LaymarCrafts Woodturning Hints & Tips

Mop for applying  Melamine and Oil

I use two basic finishes for my work, Melamine and Oil, the Melamine is used 1:1 with Thinners and applied with a Brush, the Oil I like to use is Liquid Paraffin again applied with a Brush.

Ideally I should use a Mop but these are so expensive that I looked for an alternative that would be an acceptable solution to suit my requirements. I soon found that the Blusher Brushes from the Ladies Cosmetics Stand in a Local Store were of the right softness and size and something like a of the price one would pay for a Small Mop from a Craft Supplier.

However there are two things you need to be aware of, these Brushes can come with either (1) a Painted Wooden Handle or (2) a Plastic one, for the Oil Finish this is not a problem but for the Melamine + Thinners Mixture (or any Finish with a Solvent Base) you will either end up with a Coloured Mix when the Paint is removed from the Wooden Handle or in the case of the Plastic Handle a gooey mess.

The solution is either scrape of the Paint before you use it or if you have the Plastic Handled Brush, carefully remove the handle and replace it with your own turned design (this can be re-used when the Brush is replaced) glued into the Brush ferrule.

My "Mops" are in constant use and on average last me well over 12 months, although you may well lose some of the bristles on the way this is not a major problem and I find them an acceptable alternative to the more expensive "Real Thing" that cost something like five times the amount of my solution.
Storage of Finishes & Mop

I have two Jars placed on a shelf, to which I have fixed two short lengths of Plastic Pipe (Using Hot Melt Glue) for the Jars to sit in, as a precaution, to prevent them from getting knocked over. This shelf is adjacent to my Lathe and both the Mops are easily reached without having to move from the Lathe.

In the end of the Mop's Handle I have screwed an "Eye Screw" and above each of the Jars I have fixed a Cup Hook at a height to ensure that with the Mop hanging on it the Brush Head will be 1 cm from the bottom of the Jar.

This ensures the Brush Head keeps it's shape and does not "Curl" as it would if the Brush were just stood in the Jar and it also avoids the "Debris" that will collect in the bottom of the Jar being picked up on the Mop and therefore possibly transferred to the Workpiece.

I leave the Mops immersed in the solution and providing they are hung so as not to rest on the bottom of the container they will hold there shape and providing the Bristle part is always fully immersed  you will not have to worry about them going hard or having to clean them after every use.

When not in use I cover the Top of each Jar with a disc of Plastic (any suitable material will do) that has a slot cut out to accommodate the Handle of the Mop, the Disc also has a small hole drilled in it, so it can be hung, on the Hook for the Mop, when the relevant finish is in use.

This Cover keeps Wood Dust out and also helps prevent evaporation of the Thinners mixed with the Melamine to a minimum.



A Set of Lathe Tidies  

I have made a number of what I call "Lathe Tidies", these are a simple platform, tray or support that sit neatly on the Bed Bars [Ways] of the Lathe. Whereas my Lathe has Rectangular (Box Section) bars the principle will be the same for a Lathe with Round bars. If you have a Single Bar Lathe then this idea would not work without some form of clamping being employed.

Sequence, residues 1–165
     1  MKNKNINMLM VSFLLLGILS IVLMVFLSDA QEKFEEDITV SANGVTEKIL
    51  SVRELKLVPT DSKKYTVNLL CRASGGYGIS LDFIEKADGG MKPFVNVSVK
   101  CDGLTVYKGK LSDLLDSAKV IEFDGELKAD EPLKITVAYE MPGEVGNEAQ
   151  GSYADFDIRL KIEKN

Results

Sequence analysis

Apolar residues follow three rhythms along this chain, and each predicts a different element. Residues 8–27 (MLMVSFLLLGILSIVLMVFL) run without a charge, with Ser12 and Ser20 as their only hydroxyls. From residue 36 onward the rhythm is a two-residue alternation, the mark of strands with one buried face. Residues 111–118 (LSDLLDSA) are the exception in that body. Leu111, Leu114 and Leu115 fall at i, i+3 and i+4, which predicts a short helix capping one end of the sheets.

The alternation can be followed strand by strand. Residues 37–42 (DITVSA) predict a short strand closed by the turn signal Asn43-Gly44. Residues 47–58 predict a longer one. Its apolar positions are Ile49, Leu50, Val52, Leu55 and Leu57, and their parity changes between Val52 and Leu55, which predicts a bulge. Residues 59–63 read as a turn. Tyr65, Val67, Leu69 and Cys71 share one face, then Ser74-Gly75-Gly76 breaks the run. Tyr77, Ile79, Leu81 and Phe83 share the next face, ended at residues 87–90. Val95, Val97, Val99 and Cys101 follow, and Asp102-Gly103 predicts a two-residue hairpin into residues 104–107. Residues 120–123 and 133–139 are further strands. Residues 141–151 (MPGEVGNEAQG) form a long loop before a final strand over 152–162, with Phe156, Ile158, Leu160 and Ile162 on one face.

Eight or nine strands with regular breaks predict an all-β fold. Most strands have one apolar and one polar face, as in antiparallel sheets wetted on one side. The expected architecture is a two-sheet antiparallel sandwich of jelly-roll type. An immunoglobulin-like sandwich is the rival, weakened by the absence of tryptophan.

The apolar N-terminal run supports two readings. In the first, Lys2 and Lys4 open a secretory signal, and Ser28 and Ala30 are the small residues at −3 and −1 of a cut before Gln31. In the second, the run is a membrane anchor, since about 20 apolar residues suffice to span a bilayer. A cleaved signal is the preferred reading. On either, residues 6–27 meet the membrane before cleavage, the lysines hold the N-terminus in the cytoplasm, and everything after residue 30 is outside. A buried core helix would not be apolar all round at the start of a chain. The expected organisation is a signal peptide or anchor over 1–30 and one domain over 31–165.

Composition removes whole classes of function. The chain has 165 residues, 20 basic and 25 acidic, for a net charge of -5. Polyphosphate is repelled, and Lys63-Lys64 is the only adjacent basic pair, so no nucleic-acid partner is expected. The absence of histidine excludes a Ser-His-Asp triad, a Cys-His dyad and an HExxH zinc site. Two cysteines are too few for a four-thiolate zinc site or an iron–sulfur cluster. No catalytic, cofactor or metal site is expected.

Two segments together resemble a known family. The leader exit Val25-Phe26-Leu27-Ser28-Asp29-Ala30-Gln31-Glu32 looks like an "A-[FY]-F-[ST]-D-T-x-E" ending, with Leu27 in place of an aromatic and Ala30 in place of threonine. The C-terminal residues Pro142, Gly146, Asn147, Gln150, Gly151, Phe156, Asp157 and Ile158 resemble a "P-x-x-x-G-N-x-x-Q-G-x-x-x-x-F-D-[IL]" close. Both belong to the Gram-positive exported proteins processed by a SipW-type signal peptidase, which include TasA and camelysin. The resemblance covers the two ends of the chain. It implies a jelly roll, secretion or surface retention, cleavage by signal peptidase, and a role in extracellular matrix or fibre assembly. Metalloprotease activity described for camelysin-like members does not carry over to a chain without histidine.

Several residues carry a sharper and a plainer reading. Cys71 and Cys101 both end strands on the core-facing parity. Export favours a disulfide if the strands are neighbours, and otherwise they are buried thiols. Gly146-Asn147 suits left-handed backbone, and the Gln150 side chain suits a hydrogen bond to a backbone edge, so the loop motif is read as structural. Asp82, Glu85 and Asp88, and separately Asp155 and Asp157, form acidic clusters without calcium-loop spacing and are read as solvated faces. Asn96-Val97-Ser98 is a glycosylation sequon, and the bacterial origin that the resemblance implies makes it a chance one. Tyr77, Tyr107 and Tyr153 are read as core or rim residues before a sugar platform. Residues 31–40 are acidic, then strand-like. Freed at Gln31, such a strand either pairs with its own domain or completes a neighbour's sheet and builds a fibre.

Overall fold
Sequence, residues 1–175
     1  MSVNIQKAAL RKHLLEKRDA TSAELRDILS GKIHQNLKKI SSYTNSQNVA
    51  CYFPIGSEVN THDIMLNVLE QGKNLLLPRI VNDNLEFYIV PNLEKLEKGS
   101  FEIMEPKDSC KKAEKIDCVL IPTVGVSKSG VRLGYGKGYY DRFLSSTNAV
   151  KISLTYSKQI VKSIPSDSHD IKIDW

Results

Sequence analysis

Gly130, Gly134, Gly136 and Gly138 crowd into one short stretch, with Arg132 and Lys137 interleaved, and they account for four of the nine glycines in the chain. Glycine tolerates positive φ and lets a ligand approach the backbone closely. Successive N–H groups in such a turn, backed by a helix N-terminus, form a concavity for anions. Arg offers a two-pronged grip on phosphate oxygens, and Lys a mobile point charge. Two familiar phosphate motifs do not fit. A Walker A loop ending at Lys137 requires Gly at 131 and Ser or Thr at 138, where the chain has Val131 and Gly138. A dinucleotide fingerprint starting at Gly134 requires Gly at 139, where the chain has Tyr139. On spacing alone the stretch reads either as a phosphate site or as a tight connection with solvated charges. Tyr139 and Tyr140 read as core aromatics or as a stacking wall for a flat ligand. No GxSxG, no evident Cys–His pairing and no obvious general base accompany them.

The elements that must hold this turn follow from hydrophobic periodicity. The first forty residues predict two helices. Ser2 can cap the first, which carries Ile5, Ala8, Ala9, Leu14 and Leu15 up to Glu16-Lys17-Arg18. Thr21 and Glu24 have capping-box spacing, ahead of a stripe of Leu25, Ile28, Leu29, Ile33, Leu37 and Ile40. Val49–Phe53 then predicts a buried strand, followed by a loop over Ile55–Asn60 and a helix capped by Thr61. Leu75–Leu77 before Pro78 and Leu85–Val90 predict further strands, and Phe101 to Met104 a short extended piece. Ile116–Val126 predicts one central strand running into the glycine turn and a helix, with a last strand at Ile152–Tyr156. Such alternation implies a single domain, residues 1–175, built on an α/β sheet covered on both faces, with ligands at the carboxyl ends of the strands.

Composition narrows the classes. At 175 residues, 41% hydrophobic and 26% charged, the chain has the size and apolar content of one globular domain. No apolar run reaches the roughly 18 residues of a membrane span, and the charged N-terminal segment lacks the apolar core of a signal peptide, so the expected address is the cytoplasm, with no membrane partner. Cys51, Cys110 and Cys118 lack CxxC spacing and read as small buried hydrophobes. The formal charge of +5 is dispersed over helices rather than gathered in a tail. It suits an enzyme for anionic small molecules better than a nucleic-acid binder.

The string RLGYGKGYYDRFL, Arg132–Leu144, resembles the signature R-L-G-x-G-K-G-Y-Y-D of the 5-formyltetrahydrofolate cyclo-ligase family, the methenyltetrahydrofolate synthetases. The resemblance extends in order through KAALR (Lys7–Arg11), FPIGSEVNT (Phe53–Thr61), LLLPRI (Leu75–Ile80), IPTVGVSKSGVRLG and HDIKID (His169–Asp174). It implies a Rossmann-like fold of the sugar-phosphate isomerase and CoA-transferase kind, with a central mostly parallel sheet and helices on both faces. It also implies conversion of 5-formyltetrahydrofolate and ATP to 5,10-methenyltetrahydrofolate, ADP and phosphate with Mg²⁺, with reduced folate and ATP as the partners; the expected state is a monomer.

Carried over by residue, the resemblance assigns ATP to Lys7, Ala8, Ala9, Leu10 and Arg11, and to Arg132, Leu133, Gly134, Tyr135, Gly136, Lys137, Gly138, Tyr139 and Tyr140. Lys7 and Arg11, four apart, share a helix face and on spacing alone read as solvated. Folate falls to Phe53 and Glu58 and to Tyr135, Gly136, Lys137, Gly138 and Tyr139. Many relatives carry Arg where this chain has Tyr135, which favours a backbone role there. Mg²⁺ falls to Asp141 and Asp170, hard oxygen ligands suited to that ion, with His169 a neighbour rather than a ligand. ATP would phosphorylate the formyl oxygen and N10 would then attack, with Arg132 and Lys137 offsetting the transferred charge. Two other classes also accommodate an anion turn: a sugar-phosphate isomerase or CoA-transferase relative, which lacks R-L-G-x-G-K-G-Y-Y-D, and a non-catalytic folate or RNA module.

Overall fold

There are a number of situations during your time at the Lathe when Tools, Finishes  etc. need to be at hand or the Lathe Bed Bars  require protection.

For supporting Jars of Liquid [Dye, Oil etc.] I have a simple Platform made from two pieces of Wood, the  Top which can be to a size of your choice fixed to  the Retainer which sits between the Lathe Bed Bars the sketch below is self explanatory as to the concept I use.

Made long enough this can act as a Lathe Bed Protector supporting the Liquid at one end while the other end sits below the Piece that the Liquid is being applied to and therefore stops any "Gunge" getting onto the Lathe Bed.

A second version of this item is made from wood with a Ribbed Rubber Mat attached, this I use to stand items on, such as Tins of Polish, and Glue etc. etc. or even a Cup of Tea.

The third type is what I call a Tool Tidy, often when turning you need to have to hand various Tools, such as a Gouge, Skew Chisel or Parting Tool for example, with this item they can be accommodated in a "carrier" resting on the Bed Bars in a similar fashion as for the previous items.

Again this is made from off cuts of Wood with the basic platform as described above but with the addition of two parallel cradles with "V" grooves to hold the Turning Tools required for the current project. My particular system holds 5 Tools and the only real determining factor as to dimensions are the number of Tools you wish to hold and the distance between the cradles to give stable support for the various Tools you intend to use it for.

The Tool Holder in Use.

In all I have 5 Tidies in use, as and when a need arises for another variant, it's into the off cuts bin and in a few minutes you have a solution that saves time and prevents damage to Tools or loss of valuable items.

A hole in one corner and a 6" Nail in a convenient place is all that is required to store these items away when not in use, although the "Gunge" protector usually finds it's way into the Shavings to drain off.

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Last update 19 July 2007
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